Slahi does not want to relive the worst moments of his captivity and so has avoided watching the most traumatic scenes in the film. But, now his book has been turned into a major feature film, he believes it is a clear example of the pen being mightier than the sword. “I don’t believe in violence but my whole story was violence against my body, my innocence, members of my family and I never did anything to the US,” he says. “My movie is a victory for non-violence, it’s a victory of the pen.”
The fact is, however, that while many feature films, documentaries, TV shows, books and news reports have shown the reality of the prison camp, it still remains open. The Obama administration promised to close it and failed. Now President Biden has said he aims to close it before his first term finishes. So with a new president in the Oval Office, could The Mauritanian be the Guantánamo Bay movie to herald the end of the detention centre?
Rahim wants audiences to take away the message of “hope and forgiveness over anger,” while Eviatar says, “any films that depict the tragedy of Guantánamo, the unjust and often haphazard way many men ended up there and thereby put pressure on the US government to close it down, is doing a great service.”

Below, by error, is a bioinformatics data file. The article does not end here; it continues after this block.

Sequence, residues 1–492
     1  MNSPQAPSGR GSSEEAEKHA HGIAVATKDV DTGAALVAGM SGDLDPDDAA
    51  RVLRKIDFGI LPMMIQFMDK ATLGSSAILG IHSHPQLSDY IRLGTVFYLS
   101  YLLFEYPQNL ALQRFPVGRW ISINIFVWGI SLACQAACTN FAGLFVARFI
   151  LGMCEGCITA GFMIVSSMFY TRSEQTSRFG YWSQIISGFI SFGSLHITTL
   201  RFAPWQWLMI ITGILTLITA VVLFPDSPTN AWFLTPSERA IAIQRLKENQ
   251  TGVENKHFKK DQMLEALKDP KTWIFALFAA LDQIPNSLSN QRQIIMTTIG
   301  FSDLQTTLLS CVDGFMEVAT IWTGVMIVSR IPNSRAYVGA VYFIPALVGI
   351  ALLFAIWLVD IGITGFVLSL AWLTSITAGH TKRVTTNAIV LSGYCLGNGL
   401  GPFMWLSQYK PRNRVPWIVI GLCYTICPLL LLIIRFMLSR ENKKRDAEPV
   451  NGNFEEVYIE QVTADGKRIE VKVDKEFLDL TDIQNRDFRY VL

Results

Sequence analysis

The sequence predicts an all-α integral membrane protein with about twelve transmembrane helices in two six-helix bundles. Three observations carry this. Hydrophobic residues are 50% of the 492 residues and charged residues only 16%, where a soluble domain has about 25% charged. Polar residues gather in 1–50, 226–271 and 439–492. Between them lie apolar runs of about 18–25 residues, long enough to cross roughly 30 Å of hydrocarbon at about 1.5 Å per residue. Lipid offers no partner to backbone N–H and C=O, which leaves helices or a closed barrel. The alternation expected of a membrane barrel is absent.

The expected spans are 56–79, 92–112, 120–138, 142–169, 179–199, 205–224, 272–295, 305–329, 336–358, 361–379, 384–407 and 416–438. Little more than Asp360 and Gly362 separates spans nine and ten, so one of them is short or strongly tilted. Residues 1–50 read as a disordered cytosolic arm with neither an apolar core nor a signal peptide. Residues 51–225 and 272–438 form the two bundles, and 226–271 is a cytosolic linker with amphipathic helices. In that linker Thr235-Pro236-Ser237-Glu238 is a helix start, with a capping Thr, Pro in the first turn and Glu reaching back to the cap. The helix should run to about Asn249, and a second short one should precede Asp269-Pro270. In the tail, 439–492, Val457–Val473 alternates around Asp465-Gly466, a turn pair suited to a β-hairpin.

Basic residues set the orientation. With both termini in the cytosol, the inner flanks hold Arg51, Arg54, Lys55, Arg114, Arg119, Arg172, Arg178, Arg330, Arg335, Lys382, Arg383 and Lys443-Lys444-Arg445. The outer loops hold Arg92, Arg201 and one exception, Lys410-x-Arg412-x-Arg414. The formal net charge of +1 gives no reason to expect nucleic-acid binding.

Slahi, who continues to be denied entry into the US and the UK five years after his release from Guantanamo Bay with no compensation or apology, hopes the film will show the Western world that he is an innocent man and that the negative perceptions of Middle Eastern and North African citizens need to end.
“I want people to know my side of the story [and] I feel humbled that it was made into a major motion picture,” he says. “I don’t have weapons, I don’t have the police. I don’t have drones to take out people but I have my words and I want to debate the negative exceptionalism [towards] the Arab world and Africa. We can’t be kidnapped; we can’t be tortured.”
The Mauritianian is in select cinemas in the US now, and will be available on demand there from 2 March.
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